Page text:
The Social Brain: A Hypothesis Space for Understanding Autism

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Simons Foundation Lectures are free public colloquia related to basic science and mathematics. These high-level talks are intended for professors, students, postdocs and business professionals, but interested people from the metropolitan area are welcome as well.
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Humans are a highly social species, allocating numerous brain regions to distinct aspects of social cognition. These regions and corresponding mental abilities serve as tools for understanding which functions are lost and which are preserved in autism.

Autism is characterized by a highly uneven cognitive profile in which some mental functions are preserved or enhanced, whereas others are disrupted. An important asset in the search to understand this complex disorder comes from the study of the typical human mind and brain. Behavioral, developmental and neural data from control subjects support a modular architecture, with distinct cognitive functions implemented in distinct cognitive and neural mechanisms. In this talk, Nancy Kanwisher will consider the functional architecture of the social brain in typical subjects as an avenue for considering which functions are affected and which are preserved in autism.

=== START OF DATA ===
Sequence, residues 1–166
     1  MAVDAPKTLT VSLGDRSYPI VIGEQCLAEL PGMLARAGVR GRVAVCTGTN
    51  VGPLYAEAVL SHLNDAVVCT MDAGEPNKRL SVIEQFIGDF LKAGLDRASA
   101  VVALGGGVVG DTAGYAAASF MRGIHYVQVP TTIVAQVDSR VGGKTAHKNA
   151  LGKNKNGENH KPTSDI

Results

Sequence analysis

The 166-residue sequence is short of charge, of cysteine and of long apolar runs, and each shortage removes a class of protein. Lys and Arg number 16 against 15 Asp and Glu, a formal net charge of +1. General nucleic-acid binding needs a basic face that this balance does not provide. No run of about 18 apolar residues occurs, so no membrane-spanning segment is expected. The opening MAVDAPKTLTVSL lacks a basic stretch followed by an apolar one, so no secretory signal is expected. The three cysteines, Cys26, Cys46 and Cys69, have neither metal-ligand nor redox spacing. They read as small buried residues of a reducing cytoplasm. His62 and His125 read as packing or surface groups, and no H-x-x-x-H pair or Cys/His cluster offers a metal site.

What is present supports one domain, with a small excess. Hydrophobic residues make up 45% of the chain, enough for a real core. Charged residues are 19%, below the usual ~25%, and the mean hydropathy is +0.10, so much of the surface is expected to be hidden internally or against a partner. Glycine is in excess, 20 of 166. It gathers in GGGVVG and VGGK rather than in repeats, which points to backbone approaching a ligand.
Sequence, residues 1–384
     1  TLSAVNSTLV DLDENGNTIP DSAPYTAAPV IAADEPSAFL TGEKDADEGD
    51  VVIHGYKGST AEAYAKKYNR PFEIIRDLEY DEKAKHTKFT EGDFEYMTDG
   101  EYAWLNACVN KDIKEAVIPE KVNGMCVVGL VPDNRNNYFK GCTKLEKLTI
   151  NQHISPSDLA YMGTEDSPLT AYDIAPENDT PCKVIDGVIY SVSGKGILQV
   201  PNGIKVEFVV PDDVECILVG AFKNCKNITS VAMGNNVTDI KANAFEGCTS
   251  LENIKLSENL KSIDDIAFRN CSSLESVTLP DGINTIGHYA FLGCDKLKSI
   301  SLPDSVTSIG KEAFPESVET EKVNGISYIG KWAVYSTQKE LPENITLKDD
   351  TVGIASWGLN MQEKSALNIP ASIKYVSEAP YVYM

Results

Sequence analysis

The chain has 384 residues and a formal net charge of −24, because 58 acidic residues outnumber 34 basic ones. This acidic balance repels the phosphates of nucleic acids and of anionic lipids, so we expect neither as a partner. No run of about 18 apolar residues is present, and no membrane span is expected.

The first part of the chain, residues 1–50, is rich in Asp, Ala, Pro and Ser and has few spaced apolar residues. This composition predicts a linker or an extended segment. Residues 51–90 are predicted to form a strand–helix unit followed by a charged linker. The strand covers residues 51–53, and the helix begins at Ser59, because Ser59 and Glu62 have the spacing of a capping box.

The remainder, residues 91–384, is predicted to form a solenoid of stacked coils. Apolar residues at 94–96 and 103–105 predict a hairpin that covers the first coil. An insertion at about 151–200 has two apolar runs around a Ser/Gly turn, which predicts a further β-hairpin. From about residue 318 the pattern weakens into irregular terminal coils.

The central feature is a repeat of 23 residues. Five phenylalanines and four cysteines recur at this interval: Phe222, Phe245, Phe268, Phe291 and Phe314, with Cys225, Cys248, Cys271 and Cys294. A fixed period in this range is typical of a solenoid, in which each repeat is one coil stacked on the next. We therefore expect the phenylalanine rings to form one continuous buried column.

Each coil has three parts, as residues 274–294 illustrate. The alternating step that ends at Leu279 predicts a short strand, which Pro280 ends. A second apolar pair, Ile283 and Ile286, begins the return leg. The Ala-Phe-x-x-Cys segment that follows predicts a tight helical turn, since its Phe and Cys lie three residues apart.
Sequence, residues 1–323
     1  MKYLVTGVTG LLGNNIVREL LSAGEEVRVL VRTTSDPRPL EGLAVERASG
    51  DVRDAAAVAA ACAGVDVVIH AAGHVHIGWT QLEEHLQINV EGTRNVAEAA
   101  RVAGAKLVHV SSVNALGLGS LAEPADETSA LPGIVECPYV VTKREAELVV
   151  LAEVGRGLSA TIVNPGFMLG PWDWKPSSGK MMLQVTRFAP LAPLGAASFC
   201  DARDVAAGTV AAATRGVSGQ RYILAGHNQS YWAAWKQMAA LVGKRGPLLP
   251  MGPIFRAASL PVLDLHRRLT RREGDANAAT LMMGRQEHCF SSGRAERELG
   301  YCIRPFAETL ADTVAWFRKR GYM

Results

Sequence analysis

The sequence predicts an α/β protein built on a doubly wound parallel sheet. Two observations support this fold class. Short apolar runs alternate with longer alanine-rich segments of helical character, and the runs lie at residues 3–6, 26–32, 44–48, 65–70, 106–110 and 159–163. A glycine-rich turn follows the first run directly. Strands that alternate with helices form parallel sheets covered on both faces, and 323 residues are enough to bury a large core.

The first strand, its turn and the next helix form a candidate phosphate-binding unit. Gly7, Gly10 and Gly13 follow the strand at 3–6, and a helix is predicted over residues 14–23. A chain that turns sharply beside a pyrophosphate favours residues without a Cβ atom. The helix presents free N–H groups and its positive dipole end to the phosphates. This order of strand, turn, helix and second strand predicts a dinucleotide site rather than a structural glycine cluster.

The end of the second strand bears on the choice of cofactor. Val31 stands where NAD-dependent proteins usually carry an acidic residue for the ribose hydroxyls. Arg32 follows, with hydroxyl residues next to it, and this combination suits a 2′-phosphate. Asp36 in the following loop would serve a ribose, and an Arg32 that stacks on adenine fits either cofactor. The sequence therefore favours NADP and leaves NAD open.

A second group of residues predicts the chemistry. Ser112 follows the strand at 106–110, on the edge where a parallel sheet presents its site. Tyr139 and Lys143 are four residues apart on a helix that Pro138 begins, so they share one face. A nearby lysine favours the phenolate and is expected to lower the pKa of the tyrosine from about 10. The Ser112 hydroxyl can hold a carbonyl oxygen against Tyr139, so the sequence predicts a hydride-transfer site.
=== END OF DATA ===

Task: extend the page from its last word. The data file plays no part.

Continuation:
If this lecture is videotaped, it will be posted here after production.

About the Speaker

Nancy Kanwisher is a professor in the Department of Brain & Cognitive Sciences at Massachusetts Institute of Technology (MIT) and an investigator at MIT’s McGovern Institute for Brain Research. After receiving her B.S. and Ph.D. from MIT, Kanwisher served on the faculty at the University of California, Los Angeles, and Harvard, before returning to MIT in 1997. Kanwisher has received the Troland Research Award, MacVicar Faculty Fellow teaching award and Golden Brain Award. She is a member of the National Academy of Sciences and the American Academy of Arts and Sciences.

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